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Turkish Siege of Cizre May Finally Be Over, Amid Claims of a Massacre

Cizre has seen some of the worst of the violence between militants and security forces since fighting erupted in Turkey's southeast last July.
Photo by Refik Tekin/EPA

Turkish military operations in the majority Kurdish town of Cizre have ended, officials said on Thursday, as the leader of the main Kurdish political bloc accused security forces of "massacring" civilians.

Interior Minister Efkan Ala made the announcement Thursday afternoon, adding that a 24-hour curfew, which has been enforced in parts of the southeastern town since mid-December would remain in place.


Cizre has seen some of the worst of the violence between militants linked with the Kurdistan Workers' Party (PKK) and security forces since fighting erupted in the predominantly Kurdish southeast last July.

Clashes were still ongoing as of Thursday morning, with heavy gunfire heard across the town, Turkey's CIHAN news agency reported. The army said on Wednesday that one soldier had been killed there and three others wounded the previous day. Authorities say they've also killed scores of militants in the past month.

At least nine civilians died in fighting over the weekend, according to the pro-Kurdish People's Democratic Party (HDP), while officials said a further 16 militants were also killed, Reuters reported.

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HDP co-chair Selahattin Demirtas has accused security forces of committing "mass murder" in Cizre. His comments refer to the fate of a number of people said to be sheltering in Cizre basements. Late last week some opposition Turkish newspapers reported that 60 in one such building had been killed during a security operations.

Demirtas described a government "massacre" in Cizre during a party meeting on Tuesday and accused security forces of attempting to cover up a mass killing by spreading bodies across a number of other sites in the district.

He also said a further 70-90 people had been unable to leave basements in the town for 20 days and said that they were largely local residents or activists from elsewhere in the country. A number were wounded, he added, but said security forces believe there are militants among them and have shelled the buildings.


Government figures deny the claims. Health Minister Mehmet Muezzinoglu said on Wednesday that his office was working all-out to help injured in the southeast, but said the PKK had fired on ambulances and thrown Molotov cocktails, according to Daily Zaman, rendering 29 of the vehicles inoperable.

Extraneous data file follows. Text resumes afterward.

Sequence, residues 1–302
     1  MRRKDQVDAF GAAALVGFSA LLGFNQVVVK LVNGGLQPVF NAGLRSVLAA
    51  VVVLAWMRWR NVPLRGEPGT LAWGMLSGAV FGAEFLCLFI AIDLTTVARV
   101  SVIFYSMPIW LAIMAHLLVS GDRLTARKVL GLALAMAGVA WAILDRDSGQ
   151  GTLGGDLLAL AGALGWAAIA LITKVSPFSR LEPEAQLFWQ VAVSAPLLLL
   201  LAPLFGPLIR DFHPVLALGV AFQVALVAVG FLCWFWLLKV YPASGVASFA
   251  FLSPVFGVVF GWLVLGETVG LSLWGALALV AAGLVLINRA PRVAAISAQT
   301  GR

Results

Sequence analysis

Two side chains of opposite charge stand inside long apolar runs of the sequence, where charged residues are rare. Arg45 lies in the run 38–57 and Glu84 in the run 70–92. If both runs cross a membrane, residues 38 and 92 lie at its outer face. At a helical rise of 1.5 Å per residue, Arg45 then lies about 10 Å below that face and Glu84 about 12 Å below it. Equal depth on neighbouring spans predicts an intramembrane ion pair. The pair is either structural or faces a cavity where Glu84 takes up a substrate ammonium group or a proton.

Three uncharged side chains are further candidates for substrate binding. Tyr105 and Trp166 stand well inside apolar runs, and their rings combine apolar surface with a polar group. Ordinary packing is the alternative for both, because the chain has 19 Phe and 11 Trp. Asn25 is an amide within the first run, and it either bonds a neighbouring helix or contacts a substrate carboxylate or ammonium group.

Prime Minister Ahmet Davutoglu said Monday that operations had been careful to avoid civilian casualties and said many of the injured were "terrorists." "A picture is painted as if there were many injured in the building and many deaths occurred because of the operation that was conducted in there," he said during a joint press conference with German chancellor Angela Merkel, according to the state run Anadolu Agency.

"Today, a statement was issued by our Sirnak governorate. Only that should be trusted. Neither the said situation nor the existence of the injured were confirmed."

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Well over 550 people, including more than 150 civilians have now been killed in the southeast since a temporary ceasefire with the PKK collapsed last year, the worst toll in 20 years.

Violence first erupted in July after a suicide bomber trained by the Islamic State (IS) militant group killed 33 pro-Kurdish activists at a cultural center in the border town of Suruc. Many Kurds blamed Turkish security forces for laxity or collusion, and in the immediate aftermath, the PKK — classed as a terror organization by Turkey, the US, and European Union — shot dead two police officers in a nearby town, claiming they'd collaborated with IS.

Violence spiraled. Four days after the bombing, Ankara announced a two-pronged "war on terror," claimed to focus on both the PKK and IS, but concentrated almost entirely on the militant Kurds. Attack jets began an ongoing series of airstrikes on the group's positions in Turkey and neighboring northern Iraq that state media claims have killed hundreds, but PKK commanders say have had little effect. In turn, they launched a number of assaults on army and police targets, leaving dozens dead.

Security forces simultaneously embarked on largescale security operations in the southeast, escalating military activity, arresting hundreds in Kurdish areas, and imposing strict curfews that left civilians trapped in their homes. In response, some residents dug ditches and built barricades to stop police vehicles entering, and armed youth known as the YDG-H, which PKK leaders have told VICE News are not under their control, fought police with guns, rockets, and Molotov cocktails.

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